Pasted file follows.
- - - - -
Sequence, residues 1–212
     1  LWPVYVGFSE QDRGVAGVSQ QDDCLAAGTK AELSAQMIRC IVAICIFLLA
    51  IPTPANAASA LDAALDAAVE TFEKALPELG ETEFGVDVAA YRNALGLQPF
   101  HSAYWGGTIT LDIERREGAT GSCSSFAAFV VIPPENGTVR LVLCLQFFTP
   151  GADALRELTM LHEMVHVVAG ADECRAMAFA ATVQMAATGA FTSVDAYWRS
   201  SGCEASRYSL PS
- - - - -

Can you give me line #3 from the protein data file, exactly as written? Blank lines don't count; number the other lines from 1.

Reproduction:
    51  IPTPANAASA LDAALDAAVE TFEKALPELG ETEFGVDVAA YRNALGLQPF